George Lucas Educational Foundation
PBL Planning

Real-World Applications of Classroom Learning

Project-based learning ideas that have your students collaborate with peers around the world and apply their learning to make a difference.
Several high school students seated at a table in discussion with an adult.
Several high school students seated at a table in discussion with an adult.

Instead of promising students that today’s lessons will be important in their lives someday, why not help them apply what they’re learning to tackle real issues now? “Education without action is like food without exercise,” says veteran educator Terry Godwaldt, founder of the Centre for Global Education in Edmonton, Alberta.

Without meaningful opportunities to put problem-solving skills to work, Godwaldt cautions, students may gradually lose hope that they can make a difference. “Maybe in first grade they hear about the plight of polar bears. That opens a wound. Later it’s climate change, and the wound gets bigger. Eventually,” he warns, “young people learn to change the channel [mentally] when they hear about issues they don’t think they can affect.”

To prevent that slide into apathy, Godwaldt teams up with partners to design global collaborative projects that emphasize action along with inquiry. During the coming school year, he aims to engage 100,000 students in a project called #Decarbonize, focusing on youth response to climate change. The project offers multiple ways for students to engage, including a virtual art gallery to illustrate how climate change is affecting Earth’s indigenous populations. Students are getting ready to take action during the U.N. Climate Change Conference in Bonn, Germany.

3 More Projects That Inspire Action

Since meeting Godwaldt during Global Education Day at the 2017 International Society for Technology in Education conference, I’ve been keeping an eye out for more project ideas to help students take part in real-world learning. Here are three suggestions for the coming school year.

1. The Sustainable Development Goals (SDGs): The 17 Global Goals for Sustainable Development established by the U.N. focus on issues ranging from clean water and sanitation to peace and justice. For educators, the SDGs offer a framework for designing authentic project-based learning experiences that connect students with today’s most pressing issues.

A growing movement to teach the SDGs across the curriculum is generating new resources for teachers, including Twitter chats (#TeachSDGs) and online courses from Participate, and Microsoft Skype offers a matching platform to connect educators on collaborative projects about the SDGs. What might teaching the SDGs look like? New York teacher Amy Rosenstein had her second graders apply communication skills to create digital posters to educate others about the SDGs, then used Skype to talk about them with children from around the world.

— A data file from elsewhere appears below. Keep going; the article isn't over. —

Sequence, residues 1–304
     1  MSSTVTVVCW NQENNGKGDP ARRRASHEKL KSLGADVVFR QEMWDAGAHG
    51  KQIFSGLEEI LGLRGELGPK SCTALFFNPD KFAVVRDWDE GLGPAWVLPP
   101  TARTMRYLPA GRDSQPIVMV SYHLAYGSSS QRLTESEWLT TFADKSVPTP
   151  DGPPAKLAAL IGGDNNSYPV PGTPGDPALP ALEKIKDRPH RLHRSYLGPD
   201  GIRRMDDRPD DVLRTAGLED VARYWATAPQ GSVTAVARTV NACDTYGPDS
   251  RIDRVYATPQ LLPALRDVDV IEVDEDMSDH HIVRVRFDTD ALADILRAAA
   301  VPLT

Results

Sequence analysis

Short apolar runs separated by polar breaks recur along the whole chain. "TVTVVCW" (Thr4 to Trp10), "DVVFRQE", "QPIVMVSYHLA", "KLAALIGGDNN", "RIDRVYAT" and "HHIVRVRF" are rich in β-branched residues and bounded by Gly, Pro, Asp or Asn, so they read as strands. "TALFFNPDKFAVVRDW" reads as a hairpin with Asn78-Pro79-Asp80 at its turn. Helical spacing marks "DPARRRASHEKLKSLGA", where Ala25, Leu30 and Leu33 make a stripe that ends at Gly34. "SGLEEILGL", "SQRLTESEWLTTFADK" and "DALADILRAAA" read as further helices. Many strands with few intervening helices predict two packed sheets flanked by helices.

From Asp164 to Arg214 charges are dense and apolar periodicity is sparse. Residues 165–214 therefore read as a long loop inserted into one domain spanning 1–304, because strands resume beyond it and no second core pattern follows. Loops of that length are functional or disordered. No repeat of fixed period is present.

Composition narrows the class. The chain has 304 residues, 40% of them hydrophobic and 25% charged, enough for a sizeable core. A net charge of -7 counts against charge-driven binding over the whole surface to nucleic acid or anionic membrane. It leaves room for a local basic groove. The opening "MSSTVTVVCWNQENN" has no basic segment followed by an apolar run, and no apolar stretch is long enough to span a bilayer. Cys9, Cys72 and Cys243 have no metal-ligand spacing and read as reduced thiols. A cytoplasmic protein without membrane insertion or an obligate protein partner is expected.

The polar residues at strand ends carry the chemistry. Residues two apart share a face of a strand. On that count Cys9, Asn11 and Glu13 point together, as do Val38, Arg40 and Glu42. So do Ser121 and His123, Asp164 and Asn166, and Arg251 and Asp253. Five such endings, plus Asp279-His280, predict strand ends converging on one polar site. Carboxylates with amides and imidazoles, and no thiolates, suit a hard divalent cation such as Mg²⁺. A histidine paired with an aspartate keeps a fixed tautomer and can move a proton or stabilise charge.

For high school teacher Jason Welker, the SDGs offered a way to teach environmental economics via project-based learning. His students at Zurich International School applied economic theories to address the goals they wanted to affect, leading up to action projects of their own design.

2. The Monuments Project: Giving students as young as middle school opportunities to do the real work of historians—and provide meaningful public service in the process—is the idea behind the Monuments Project. Participating students collaborate across time zones and even oceans to research and tell the stories of World War I veterans buried in American cemeteries abroad.

Teacher Tom Neville of the American School of Paris launched the project over the 2016–17 school year to have his students discover the untold stories of WWI veterans buried in Suresnes American Cemetery outside Paris. Realizing that they needed access to primary source materials in the U.S., Neville and his students teamed up with social studies teacher Anthony Rovente and his students at Lopez Island Middle School in Washington State.

The project has continued to grow with more schools and independent researchers joining from New York, West Virginia, and elsewhere. To encourage broader participation, Neville has shared an online briefcase loaded with digital tools, databases for research, and more.

3. The Future of Food: In July, I took part in a Global Leadership Summit organized by EF Education First on the Future of Food. Some 2,000 high school students and teachers gathered in Milan, Italy, to think creatively and collaboratively about how to improve access to fresh, healthy, affordable food for our ever-growing species. While students dove into a design thinking challenge about actions they might take, I brainstormed with teachers about academically rigorous project ideas that focus on food—growing it, cooking it, sharing it, writing about it, and marketing it in a way that’s equitable and sustainable.

Here are a few of the driving questions and content connections that emerged:

  • How can we make better food choices to reduce our impact on the environment? (Content connections: math, geography, science, health)
  • How can our stories change our eating habits and empower healthier communities? (Content connections: language arts, health, social studies)
  • How can we prevent language barriers from preventing access to information on health and well-being? (Content connections: world languages, English, health)
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